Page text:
Tuesday, December 04, 2007

The Scottish Opera

I caught the next-to-last Macbeth at San Francisco Opera Friday night, and unfortunately I'm posting this too late for you to catch the last performance, which was on Sunday.

I'd heard plenty about the production, and my conclusion was that it was not as bad as I'd been led to believe. True, the witches' outfits and on-stage demeanor were extremely silly and not at all frightening; true, the green typewriter in the scenes with Fleance made no sense whatsoever; true, it made no sense to have three of the assassins in drag; true, it must have been a royal pain to move that cube around the stage every fifteen minutes.

Still, I found the cube an effective stage element, whether it was the unhappy couple's bedroom, a tent, Duncan's death chamber, or a reminder of what had been, when MacDuff's family made an appearance there.

I did not like one bit the very first significant use of the cube, however, when poor Georgina Lukacs had to sing the letter scene from its roof, standing there in 3-inch boot-heeled pumps and a long dress, tethered to the thing for her own safety. I found myself calculating how much damage would be done to the cube, and to her, if she went over the edge. She wouldn't have hit the floor of the stage 12 feet below, but she certainly would have bounced off or gone through the glass? plastic? face of the cube. If she'd gone through it, well...

I'm willing to bet that the designer just didn't realize that the prompter would be clearly visible reflected in that particular face of the cube during the Banquo/Fleance scene not long before Banquo is killed.

I found most of the stage direction good, especially when the director was managing the interactions among the characters. All of the singers could act, and most of them could sing quite well.

Certainly the smaller roles were well filled, with Noah Stewart as Malcolm, the very fine Raymond Aceto as Banquo, Jeremy Galyon and Elza van den Heever as, respectively, the doctor and Lady Macbeth's lady in waiting. I was amused to see that among the supernumeraries were two children with the last name Runnicles and two with the last name Okerlund. Alfredo Portilla sang Macduff, and while he had the right kind of voice and certainly tried for the right things in "Ah, la paterna mano," he didn't quite get there. His phrasing was a bit off, the climaxes missed by a hair; the aria never came together.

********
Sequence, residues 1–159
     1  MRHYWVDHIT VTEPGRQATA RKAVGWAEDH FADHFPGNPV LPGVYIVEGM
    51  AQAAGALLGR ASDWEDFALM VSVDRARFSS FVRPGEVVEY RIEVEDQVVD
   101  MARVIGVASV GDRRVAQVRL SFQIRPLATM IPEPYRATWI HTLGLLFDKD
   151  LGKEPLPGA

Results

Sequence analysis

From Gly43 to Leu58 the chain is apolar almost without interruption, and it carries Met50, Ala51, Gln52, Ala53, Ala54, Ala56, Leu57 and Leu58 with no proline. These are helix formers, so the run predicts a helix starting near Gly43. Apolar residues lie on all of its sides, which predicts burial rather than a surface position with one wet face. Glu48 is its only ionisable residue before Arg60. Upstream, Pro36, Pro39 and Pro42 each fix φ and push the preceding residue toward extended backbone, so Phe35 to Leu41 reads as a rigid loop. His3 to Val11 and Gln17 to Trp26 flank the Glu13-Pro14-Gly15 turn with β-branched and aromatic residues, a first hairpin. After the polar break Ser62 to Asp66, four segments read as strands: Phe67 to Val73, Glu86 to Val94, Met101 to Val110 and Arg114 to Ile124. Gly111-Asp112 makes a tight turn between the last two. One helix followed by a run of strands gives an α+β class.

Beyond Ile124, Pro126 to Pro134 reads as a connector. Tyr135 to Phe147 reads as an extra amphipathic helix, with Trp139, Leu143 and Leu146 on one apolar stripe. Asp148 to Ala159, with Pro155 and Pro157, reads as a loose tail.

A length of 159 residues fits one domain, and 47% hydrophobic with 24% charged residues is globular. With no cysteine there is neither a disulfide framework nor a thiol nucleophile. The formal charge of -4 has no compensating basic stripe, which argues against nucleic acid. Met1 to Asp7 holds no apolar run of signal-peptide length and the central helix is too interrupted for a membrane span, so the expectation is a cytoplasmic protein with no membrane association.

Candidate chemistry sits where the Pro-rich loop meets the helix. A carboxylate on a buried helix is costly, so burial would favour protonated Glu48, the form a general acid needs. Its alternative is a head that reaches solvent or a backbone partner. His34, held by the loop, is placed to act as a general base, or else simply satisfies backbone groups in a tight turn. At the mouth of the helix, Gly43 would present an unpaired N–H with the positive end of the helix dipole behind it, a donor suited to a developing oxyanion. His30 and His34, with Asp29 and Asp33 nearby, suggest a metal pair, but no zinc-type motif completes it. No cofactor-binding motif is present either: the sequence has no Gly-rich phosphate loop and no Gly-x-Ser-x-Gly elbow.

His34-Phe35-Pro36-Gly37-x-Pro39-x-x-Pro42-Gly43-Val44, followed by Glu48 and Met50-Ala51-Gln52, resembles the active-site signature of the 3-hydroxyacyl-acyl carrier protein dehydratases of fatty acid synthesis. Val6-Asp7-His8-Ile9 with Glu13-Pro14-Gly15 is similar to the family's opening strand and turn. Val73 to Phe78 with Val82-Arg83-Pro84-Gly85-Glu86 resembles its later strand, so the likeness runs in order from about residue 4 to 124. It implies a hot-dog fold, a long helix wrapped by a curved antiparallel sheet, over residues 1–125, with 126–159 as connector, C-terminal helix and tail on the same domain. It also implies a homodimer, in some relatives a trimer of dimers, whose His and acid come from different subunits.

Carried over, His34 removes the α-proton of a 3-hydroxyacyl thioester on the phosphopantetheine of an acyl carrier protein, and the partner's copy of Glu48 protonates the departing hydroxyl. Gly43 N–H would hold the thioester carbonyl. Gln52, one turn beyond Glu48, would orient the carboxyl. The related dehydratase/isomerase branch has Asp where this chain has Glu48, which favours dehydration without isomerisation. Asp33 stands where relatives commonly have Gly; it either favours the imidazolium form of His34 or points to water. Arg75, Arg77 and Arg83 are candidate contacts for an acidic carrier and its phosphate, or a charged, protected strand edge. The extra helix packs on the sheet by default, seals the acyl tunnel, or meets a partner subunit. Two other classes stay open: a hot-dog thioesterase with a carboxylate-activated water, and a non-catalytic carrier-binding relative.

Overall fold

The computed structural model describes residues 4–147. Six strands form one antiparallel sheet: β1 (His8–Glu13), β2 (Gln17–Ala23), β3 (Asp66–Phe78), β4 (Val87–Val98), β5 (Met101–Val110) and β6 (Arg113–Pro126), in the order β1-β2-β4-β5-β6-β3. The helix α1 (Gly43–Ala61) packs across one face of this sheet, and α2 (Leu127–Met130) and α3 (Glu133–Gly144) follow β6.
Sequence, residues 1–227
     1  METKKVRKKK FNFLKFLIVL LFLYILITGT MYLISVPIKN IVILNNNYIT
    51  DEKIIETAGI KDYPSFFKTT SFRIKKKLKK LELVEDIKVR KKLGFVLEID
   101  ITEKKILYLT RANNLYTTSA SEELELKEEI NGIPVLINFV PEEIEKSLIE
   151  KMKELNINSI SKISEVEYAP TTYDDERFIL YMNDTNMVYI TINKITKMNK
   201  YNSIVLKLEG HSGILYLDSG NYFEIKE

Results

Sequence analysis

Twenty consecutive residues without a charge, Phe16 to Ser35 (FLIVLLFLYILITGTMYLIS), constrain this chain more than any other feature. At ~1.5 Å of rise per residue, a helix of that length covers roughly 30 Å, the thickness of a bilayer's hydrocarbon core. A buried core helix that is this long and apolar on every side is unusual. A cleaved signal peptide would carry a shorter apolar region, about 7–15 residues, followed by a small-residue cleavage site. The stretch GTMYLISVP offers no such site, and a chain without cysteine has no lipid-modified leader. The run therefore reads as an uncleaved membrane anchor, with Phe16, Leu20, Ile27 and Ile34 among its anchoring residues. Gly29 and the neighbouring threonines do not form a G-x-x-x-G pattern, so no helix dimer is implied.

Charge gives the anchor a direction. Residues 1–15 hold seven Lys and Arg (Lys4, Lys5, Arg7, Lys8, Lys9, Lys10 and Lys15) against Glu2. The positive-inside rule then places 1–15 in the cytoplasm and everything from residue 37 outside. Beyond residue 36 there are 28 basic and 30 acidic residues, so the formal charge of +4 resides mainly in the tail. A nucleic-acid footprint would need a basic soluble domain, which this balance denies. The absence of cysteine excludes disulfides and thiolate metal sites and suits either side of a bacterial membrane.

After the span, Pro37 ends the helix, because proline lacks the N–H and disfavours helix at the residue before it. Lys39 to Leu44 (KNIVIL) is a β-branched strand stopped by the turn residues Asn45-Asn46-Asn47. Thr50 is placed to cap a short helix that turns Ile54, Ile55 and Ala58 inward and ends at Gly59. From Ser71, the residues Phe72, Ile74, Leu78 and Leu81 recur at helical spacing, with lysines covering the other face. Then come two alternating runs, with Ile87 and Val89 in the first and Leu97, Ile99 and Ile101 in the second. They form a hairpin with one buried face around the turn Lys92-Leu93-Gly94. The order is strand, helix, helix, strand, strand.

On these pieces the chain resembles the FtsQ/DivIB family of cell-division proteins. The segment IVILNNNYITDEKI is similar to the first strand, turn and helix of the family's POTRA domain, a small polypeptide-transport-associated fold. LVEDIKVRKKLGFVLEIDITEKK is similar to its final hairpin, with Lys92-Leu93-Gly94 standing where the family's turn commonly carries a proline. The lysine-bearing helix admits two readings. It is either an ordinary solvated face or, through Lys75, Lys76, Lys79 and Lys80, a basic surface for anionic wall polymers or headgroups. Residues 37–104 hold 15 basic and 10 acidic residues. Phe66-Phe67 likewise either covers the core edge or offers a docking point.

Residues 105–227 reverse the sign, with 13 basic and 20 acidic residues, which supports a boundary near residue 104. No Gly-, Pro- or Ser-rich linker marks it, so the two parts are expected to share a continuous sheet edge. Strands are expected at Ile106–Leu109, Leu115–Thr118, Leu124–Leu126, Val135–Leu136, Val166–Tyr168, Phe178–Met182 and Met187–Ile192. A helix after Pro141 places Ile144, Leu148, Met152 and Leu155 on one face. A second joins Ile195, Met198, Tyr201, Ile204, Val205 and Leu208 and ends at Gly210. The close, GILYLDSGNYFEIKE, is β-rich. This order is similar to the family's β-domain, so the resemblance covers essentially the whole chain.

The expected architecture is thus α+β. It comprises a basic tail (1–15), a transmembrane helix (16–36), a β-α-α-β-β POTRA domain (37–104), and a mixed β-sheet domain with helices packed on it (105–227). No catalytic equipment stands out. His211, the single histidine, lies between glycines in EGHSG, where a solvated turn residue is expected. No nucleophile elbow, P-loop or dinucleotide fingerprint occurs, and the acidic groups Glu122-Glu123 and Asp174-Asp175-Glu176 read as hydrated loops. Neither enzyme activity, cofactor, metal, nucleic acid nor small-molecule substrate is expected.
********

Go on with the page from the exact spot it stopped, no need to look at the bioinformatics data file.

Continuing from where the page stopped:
But of course this opera ultimately stands and falls on Macbeth and Lady Macbeth, and the casting gave us a dramatically convincing pair who were Beauty and the Beast as far as the singing went.

Yes, Thomas Hampson 'twas the beauty and Lukacs the beast. Hampson could do no wrong, from the stunning intensity of his moral descent to the sheer beauty and variety of his singing. He does not have the traditional Verdi baritone with the big trumpety top, and who cares, with singing this great. Lukacs had a fine dramatic manner and a suitably over-the-top way with the character, especially when working directly with Hampson. They made a good pair of evildoers.

Alas, she also had much too much of the ugly voice Verdi wrote that he wanted for the role. I can take ugly, but not with wobble, glottal attacks, missed pitches galore, and very little of the agility required for the Brindisi. Someone should have rewritten the end of the sleepwalking scene for her; she lunged forte for the Db, missed by about a fourth, and gave up completely.

1 comment:

David B said...

All I know of Verdi's Macbeth is the third act ballet music, and a more un-Macbethy, as I conceive of Macbeth, piece of music would be hard to come by. I imagine a Macbeth opera that sounds more like the grislier parts of Ruddigore.

Of course, if you've heard Sullivan's incidental music for The Tempest, you may wonder how much of a grip he had on Shakespearean sensibility either.